Currently im storing the date of birth of a user in milliseconds (since 01.01.1970). Do i have to ensure that it is the same date of birth in every country or is it common that it can happen that it is the 11th November in country X and the 12th November in country Y?

If instead it is common practice to have the exact same date of birth in each country, how could i ensure that the milliseconds i store always point to the exact same day of month in each country?

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    What language are you using? – Tim Biegeleisen Jul 11 '16 at 15:28
  • I use UTC to store the milliseconds. but when they are presented in the UI they ofcourse are transfered to the locale time. – Mulgard Jul 11 '16 at 15:29
  • OK, so now we know you are doing some UI stuff. JavaScript? Maybe Angular or JQuery? Am I getting closer? – Tim Biegeleisen Jul 11 '16 at 15:30
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    It matters because anyone reading your question would likely have no idea or way to help you, because you gave no code nor any tags. I'll update the tags now. – Tim Biegeleisen Jul 11 '16 at 15:34
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    If I enter my date of birth as 1st of January and then read my details in a different time zone I wouldn't want it displayed as 31st December. – Martin Smith Jul 11 '16 at 15:43
up vote 4 down vote accepted

Ignore time-of-day

Few people know the time-of-day of their birth. So, no, that level of detail is not commonly tracked. You never see time-of-birth and birth-time-zone on passports and such. They track a date-only value, without time of day and without time zone.

Bartenders, border control agents, etc. use the local current date to calculate age, with no attempt to consider time of day or adjust for time zone. Consider that partial-day difference to be truncated, ignored.

To adjust a moment accurately from one time zone to another, you need a date and a time-of-day. Without a time-of-day you have perhaps 23-25 hours of possible moments when their birth may have occurred.

For example, a birth that occurs a few minutes after midnight in Paris (1 or 2 hours ahead of UTC) on the 24th is still “yesterday” the 23rd in Montréal (4 or 5 hours behind UTC). But if that birth occurs at 06:00 in the 24th, then the date is the same (24th) in both Paris & Montreal, but is “yesterday” (23rd) in Vancouver BC and Seattle where the clocks are 7 or 8 hours behind UTC.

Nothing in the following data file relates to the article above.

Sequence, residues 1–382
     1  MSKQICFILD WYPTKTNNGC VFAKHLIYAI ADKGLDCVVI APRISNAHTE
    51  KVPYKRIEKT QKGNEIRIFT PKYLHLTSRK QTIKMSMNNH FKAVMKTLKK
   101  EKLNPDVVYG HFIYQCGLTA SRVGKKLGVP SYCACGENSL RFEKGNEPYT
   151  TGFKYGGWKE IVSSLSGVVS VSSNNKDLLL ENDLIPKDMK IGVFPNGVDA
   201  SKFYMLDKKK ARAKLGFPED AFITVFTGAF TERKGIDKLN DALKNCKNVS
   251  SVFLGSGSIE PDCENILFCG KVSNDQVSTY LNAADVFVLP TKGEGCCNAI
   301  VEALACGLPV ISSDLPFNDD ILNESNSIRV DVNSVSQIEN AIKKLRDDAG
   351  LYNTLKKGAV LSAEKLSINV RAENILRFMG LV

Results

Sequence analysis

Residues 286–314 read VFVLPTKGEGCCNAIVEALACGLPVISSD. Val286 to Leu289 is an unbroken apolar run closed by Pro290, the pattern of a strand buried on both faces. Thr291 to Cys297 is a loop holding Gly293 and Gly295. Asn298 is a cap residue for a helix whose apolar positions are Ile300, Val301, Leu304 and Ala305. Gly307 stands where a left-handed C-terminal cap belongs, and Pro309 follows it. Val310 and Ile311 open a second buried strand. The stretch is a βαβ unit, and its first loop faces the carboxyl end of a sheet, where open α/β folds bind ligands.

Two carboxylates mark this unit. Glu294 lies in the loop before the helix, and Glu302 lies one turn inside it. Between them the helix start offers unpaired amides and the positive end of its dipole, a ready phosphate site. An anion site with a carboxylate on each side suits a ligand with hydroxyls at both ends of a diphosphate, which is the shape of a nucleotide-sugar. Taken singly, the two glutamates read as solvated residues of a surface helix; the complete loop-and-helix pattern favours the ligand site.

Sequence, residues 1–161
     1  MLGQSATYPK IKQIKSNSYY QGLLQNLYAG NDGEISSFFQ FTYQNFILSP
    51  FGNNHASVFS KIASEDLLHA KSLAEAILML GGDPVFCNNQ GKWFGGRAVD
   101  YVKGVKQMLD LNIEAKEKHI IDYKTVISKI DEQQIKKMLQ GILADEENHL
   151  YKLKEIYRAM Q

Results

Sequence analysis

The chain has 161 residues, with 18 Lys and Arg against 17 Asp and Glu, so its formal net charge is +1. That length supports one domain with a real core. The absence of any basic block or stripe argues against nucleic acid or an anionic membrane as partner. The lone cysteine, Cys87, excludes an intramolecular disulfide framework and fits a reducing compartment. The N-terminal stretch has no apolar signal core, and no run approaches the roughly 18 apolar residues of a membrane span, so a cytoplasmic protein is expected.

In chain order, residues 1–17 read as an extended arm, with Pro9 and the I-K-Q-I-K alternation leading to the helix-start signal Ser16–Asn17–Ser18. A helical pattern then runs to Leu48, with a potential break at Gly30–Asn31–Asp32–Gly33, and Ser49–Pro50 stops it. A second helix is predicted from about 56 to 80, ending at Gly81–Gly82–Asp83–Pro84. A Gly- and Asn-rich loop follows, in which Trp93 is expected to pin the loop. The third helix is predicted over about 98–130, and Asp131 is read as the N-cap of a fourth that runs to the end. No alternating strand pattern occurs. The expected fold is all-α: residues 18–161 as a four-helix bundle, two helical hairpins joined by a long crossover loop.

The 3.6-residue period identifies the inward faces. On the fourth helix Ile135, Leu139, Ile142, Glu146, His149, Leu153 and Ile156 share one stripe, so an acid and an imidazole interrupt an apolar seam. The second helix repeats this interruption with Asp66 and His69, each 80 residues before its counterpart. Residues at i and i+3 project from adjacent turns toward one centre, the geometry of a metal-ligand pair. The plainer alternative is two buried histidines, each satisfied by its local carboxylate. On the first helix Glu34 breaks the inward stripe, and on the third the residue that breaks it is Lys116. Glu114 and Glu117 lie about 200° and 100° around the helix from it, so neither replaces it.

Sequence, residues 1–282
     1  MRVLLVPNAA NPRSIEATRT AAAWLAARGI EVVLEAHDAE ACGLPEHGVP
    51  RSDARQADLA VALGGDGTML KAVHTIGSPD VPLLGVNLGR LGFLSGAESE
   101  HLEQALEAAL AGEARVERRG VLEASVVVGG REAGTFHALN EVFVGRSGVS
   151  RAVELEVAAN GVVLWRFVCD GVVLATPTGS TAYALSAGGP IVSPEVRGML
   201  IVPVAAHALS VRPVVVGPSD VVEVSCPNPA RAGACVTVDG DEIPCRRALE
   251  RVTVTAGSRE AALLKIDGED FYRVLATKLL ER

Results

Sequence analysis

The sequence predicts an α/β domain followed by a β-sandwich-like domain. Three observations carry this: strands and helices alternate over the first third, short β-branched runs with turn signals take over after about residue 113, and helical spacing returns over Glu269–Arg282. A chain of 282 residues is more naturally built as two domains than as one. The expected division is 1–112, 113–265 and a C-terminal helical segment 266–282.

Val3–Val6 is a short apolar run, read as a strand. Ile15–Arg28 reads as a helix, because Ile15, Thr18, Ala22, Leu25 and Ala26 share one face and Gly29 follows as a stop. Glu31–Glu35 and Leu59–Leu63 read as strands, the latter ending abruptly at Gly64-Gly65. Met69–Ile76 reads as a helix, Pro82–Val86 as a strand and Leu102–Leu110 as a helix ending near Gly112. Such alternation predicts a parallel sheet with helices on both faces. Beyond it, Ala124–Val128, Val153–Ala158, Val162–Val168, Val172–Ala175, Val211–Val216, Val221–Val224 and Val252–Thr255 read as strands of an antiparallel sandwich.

In SQL use a data type akin to the standard DATE type.


In Java, use the LocalDate type. To represent the recurring month and day of the birthday celebration, use the MonthDay class.

For interacting with a database, drivers that comply with JDBC 4.2 should be able to work directly with LocalDate via the getObject & setObject methods on a PreparedStatement. If not, fall back to using the old java.sql.Date. New methods added to that old class facilitate conversion.

ISO 8601

When generating string representations of date-time values, use the formats defined in the ISO 8601 standard such as YYYY-MM-DD, ex: 1960-07-11. For date without year use --MM-DD, ex: --07-11. The java.time classes in Java use ISO 8601 formats by default when parsing and generating Strings.

Forcing time-of-day

If for some reason you are forced to put a date-only value into a date-time field, then you must set some arbitrary time-of-day. Noon is one possibility. I suggest setting the time portion to the first moment of the day.

First moment of the day

Be aware that the first moment is not always 00:00:00. Daylight Saving Time (DST) and perhaps other anomalies affect midnight in some time zones. So first moment of the day might be 01:00:00 for example. Java can determine the first moment of the day appropriate to a particular time zone.

ZoneId zoneId = ZoneId.of( "America/Montreal" );
LocalDate today = zoneId );
ZonedDateTime startOfToday = today.atStartOfDay( zoneId );

It is up to you to decide what time zone to interpret a selected date of birth as and what time zone to use when displaying the date of birth. In my opinion, it is logical to always use the timezone of the place of birth (if you wish to collect that) when converting the date of birth from a timestamp to readable form and when storing it. Otherwise, you can always use GMT or any other timezone as your convention. This will ensure that all users in all countries will see the same date of birth but it is recommended to append the time zone to the date representation to prevent confusion. You may of course choose to interpret dates as GMT based when creating the timestamp to store and then render the date of birth using a user-defined timezone (possibly timezone for the user's account). In this case, the date (and time if you include the time of birth) will appear different for each user.

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